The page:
Louisana Legal System The Territory of Orleans was sold by France to the United States when Napoleon sought to increase his war coffers in his quest to conquer Russia. Although the Code of Napoleon was enacted after what is now known as the Louisiana Purchase, most in what is now the State of Louisiana found disfavor with the Anglo-American legal system.This disfavor led the Legislature of the Territory of Orleans in 1806 to mandate that Louisiana would henceforth be governed by Romanist and Spanish Civil Law. At the time, Spanish Law was largely uncodified.
To resolve the confusion, the Legislature of the Territory of Orleans digested and codified the laws in force at the time, albeit with a few modifications. This became known as the Louisiana Civil Code of 1808. This was inspired largely by the Napoleonic Code. However, nothing in the Louisiana Civil Code of 1808 was mentioned about the role of precedent. As a result, when Louisiana became a State, it absorbed common law principles as well, which led many commentators to describe Louisiana as “a civil law island in a common law sea.”
Property The Scottish view on Property is rather restricted: Property in Scots law is the largest right that a person can have in a thing. This is in contrast with the view held in other jurisdictions, especially with regard to ownership. In Scots law, land can never be owned in the sense of an owner. What are afforded are rights that may or may not be exclusive as against others. Ownership, as the concept is known and comprehended in other jurisdictions, is exercised against personal property and not against realty. As such, when speaking of the rights contemplated by such ownership in Scots law, the same is referred to as absolute interests in land.
This can be traced partly to the feudal form of land ownership that existed in Scotland until 2003 such that Scots land law had oft been described as one of the most feudal systems of landholding still in existence, and as such the concept of land ownership is closer to the concept of state ownership and territory as against private ownership, through which an aristocracy may have been said to be established.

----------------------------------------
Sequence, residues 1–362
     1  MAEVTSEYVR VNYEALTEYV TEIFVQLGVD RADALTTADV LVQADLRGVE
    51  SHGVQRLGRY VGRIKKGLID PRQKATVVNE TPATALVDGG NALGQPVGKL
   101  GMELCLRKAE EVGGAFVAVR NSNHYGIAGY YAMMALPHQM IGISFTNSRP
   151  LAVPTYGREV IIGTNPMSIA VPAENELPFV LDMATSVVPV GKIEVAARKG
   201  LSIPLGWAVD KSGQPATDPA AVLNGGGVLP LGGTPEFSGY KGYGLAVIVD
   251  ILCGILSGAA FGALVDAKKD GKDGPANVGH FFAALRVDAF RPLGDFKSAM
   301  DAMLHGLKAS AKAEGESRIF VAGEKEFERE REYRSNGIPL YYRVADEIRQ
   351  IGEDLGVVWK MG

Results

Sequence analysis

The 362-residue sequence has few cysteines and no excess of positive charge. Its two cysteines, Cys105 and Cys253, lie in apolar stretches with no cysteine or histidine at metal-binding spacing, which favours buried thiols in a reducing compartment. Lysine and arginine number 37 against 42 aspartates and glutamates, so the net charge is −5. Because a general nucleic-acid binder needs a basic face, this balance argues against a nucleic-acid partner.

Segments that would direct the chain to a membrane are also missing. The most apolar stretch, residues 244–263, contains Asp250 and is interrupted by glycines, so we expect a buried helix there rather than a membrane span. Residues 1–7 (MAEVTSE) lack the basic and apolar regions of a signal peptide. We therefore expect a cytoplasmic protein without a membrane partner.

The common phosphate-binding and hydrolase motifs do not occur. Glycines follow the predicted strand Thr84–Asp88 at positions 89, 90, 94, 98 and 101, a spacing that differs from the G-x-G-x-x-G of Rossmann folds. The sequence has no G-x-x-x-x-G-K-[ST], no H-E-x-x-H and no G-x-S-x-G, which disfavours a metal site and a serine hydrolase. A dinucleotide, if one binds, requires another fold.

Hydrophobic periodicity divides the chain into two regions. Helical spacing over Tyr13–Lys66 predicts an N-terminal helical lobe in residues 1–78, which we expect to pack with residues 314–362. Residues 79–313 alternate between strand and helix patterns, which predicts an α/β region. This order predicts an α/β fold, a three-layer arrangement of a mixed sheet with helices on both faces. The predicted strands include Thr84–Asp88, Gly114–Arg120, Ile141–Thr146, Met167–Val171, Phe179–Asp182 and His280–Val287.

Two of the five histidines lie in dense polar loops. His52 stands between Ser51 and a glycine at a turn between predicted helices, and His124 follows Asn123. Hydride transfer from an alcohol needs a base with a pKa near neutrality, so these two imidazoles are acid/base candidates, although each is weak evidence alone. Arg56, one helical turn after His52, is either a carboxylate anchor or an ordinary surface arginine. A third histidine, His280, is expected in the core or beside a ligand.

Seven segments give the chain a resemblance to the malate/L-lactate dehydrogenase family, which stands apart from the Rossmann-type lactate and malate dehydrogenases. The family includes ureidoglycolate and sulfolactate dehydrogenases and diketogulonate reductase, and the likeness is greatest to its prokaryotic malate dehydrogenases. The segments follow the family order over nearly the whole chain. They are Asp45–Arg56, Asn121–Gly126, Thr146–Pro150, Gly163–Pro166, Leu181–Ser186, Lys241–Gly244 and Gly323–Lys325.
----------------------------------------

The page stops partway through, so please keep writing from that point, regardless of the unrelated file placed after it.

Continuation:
In 2003 the Land Reform (Scotland) Act entered into effect and though converting the underlying legal principles to post-feudalistic times, it has since come into criticism by virtue of the requirement of sale to make its provisions effective and, in the words of one critic, “half of Scotland has been off the market for over 100 years.”
On the other hand, Philippines and Louisiana laws on Property are concerned with that body of law that governs all matter susceptible of appropriation, including the rights and obligations that flow therefrom. This is a legal concept inherited from the traditions of the Spanish Civil Code and the American concept of property. Because of this difference in the scope of the notion of property, the parallel structures with regard to the law on property are found in different areas of the Philippine Civil Code and may or may not necessarily relate to the discussion on Property per se.
Some writers have noted that this difference in attitude reflects on the advice given by legal counsel to property owners in these jurisdictions. In Scots law, as the only rights one may exercise over property are rights that must be granted by law, barristers and solicitors tend to be more conservative when dealing with an ambiguity or vacuum in the law and argue that the right does not exist. In contrast, in Louisiana and in the Philippines, which is influenced by the American concept of property, an ambiguity or vacuum in the law will be interpreted by legal scholars there more favourably toward the property-owner and points toward the existence of the legal right.